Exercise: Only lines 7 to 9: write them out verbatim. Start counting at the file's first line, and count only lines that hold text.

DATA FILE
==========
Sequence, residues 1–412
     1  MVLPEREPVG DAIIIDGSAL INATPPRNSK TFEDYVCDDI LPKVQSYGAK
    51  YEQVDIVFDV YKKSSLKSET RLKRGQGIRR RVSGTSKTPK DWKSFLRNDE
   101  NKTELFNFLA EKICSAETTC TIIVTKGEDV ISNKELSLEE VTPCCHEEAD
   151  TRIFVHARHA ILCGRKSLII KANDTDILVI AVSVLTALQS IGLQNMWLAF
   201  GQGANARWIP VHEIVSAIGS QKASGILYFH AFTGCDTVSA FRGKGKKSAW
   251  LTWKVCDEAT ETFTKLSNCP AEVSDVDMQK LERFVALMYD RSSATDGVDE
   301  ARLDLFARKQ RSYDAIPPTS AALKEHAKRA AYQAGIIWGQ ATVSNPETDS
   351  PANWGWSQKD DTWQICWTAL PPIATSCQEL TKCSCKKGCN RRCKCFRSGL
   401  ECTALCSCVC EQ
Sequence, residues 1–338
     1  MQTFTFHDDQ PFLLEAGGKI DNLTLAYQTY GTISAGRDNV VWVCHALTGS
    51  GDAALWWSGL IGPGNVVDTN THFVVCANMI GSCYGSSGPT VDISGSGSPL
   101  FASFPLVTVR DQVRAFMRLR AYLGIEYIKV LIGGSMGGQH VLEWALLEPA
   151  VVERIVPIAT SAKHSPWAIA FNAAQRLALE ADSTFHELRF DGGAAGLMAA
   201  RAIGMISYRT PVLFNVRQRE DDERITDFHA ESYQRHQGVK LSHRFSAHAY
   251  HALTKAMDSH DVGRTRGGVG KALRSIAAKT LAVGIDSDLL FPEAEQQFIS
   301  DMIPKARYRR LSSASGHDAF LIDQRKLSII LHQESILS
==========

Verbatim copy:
   251  LTWKVCDEAT ETFTKLSNCP AEVSDVDMQK LERFVALMYD RSSATDGVDE
   301  ARLDLFARKQ RSYDAIPPTS AALKEHAKRA AYQAGIIWGQ ATVSNPETDS
   351  PANWGWSQKD DTWQICWTAL PPIATSCQEL TKCSCKKGCN RRCKCFRSGL